Los Alamos National Laboratory

The Next Generation Of Solar Panels

solar installation

Scientists just got one step closer to the next generation of solar panels. Today’s solar panels convert sunlight to electricity using silicon crystal chemistry. Future solar panels might rely on perovskite, a promising material that has the potential to make panels cheaper, simpler, and more efficient. Scientists just need to tweak perovskite to maintain its… Keep reading →

German Astronaut Alexander Gerst Aboard The International Space Station

You just can’t drink enough soda to create a market for bottling and storing all the excess carbon dioxide in the atmosphere. But as researchers look for ways to stave off global warming by reducing atmospheric CO2, many have turned to a related idea. Carbon capture, utilization and storage (CCUS) is one strategy–along with others… Keep reading →

Turning Windows Into Solar Panels

Solar Energy Is Focus Of Energy-Producing Housing Colony

Researchers in the Center for Advanced Solar Photophysics at Los Alamos National Laboratory are seeking to transform everyday windows into solar collectors by harnessing the unique properties of quantum dots. The advantages of solar power as a source of clean, renewable energy seem obvious. Sunlight is abundant, free and, for all practical purposes, eternal. While… Keep reading →

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We first talked to Dr. Gschneider back in 2013 for one of our “10 Questions with a Scientist” blogs. Today he looks back at over 60 years of studying rare earth metals. Dwight Eisenhower was serving his first term in the White House when Karl A. Gschneidner Jr. began work on his Ph.D. at Iowa… Keep reading →

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Dr. Amanda Barry of Los Alamos National Laboratory is one of the Energy Department’s leading molecular biologists in the field of algal biofuels. Dr. Barry is also part of team of researchers from the New Mexico Consortium, a nonprofit focused on solving global environmental and health issues. We chatted with Dr. Barry about her work,… Keep reading →


This #SpaceWeek post is an update to the 2014 article about Curiosity’s ChemCam, found here. Don’t you hate it when your photos turn out blurry? Scientists at the Energy Department’s Los Alamos National Laboratory do. So when the ultra-precise camera they developed for NASA’s Mars Curiosity rover started going fuzzy, they came up with a solution that not… Keep reading →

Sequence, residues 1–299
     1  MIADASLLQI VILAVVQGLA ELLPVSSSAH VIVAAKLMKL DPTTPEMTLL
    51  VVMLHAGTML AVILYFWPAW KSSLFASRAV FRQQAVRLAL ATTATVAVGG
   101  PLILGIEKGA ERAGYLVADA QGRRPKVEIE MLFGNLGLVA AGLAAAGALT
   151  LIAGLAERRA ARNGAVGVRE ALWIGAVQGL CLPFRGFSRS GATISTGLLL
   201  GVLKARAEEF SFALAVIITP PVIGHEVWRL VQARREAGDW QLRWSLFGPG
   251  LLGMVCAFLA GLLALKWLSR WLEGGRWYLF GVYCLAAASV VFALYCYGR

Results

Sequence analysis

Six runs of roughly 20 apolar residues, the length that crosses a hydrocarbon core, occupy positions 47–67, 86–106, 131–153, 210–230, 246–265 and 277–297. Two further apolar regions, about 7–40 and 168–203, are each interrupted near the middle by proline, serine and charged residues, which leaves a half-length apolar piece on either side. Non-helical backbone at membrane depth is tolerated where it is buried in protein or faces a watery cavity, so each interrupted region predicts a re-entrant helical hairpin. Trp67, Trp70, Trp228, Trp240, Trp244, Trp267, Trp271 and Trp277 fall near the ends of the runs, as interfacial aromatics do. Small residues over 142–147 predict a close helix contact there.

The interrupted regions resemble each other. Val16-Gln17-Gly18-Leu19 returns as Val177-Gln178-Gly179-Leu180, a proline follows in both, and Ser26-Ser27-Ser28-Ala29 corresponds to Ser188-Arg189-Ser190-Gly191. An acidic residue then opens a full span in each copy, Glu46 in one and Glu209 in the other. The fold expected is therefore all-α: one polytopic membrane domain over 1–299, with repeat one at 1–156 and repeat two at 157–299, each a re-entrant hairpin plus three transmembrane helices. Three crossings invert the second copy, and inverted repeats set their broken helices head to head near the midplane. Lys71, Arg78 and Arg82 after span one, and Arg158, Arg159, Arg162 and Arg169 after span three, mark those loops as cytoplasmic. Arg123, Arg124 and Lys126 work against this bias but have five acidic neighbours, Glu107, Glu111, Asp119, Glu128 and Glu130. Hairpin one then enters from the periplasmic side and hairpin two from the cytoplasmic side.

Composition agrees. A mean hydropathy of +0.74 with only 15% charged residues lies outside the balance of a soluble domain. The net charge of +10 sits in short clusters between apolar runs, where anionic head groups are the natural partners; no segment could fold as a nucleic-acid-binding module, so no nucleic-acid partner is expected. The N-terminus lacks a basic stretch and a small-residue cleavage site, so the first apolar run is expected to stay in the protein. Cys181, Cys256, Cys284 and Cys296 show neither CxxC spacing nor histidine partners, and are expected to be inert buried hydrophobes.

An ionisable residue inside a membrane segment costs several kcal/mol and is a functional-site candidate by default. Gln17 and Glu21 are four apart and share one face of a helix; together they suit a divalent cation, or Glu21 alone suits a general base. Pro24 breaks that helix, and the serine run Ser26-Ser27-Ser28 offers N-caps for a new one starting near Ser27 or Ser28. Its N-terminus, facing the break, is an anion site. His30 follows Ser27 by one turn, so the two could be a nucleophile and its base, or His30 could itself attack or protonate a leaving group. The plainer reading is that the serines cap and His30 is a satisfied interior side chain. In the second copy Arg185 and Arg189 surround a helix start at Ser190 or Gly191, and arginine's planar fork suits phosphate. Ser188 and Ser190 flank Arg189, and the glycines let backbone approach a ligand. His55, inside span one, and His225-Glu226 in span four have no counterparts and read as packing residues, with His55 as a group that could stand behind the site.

Santa Ana Winds Stoke Wildfires In Southern California

Federal officials said dozens of drums of radioactive waste at a weapons laboratories in Los Alamos, New Mexico are stable after showing some signs of chemical reactions over the past year.”The drums are being closely monitored after a container with similar contents broke open in 2014, resulting in a radiation release and the indefinite closure… Keep reading →

National Renewable Energy Lab Tests Green Energies In Colorado

  Awards recognize innovative research with commercial potential U.S. Department of Energy researchers have won 31 of the 100 awards given out this year by R&D Magazine for the most outstanding technology developments with promising commercial potential. The R&D 100 awards, sometimes called the “Oscars of Innovation,” are given annually in recognition of exceptional new… Keep reading →


Over the past several years, Los Alamos National Laboratory has invested in providing state-of-the-art tools to help scientists understand and explore their data. In this photo, researchers are investigating the details of an astronomical simulation in the CAVE (cave automatic virtual environment) — a cube-shaped room with high-resolution projections on all six surfaces. Using 3D… Keep reading →


Was Mars once capable of supporting life? This is the fundamental question the Curiosity rover seeks to answer as it makes its way across the Red Planet. Successfully landing on Mars in the summer of 2012 as part of NASA’s Mars Exploration Program, Curiosity is a roving, robotic laboratory studying the planet’s habitability. To carry… Keep reading →

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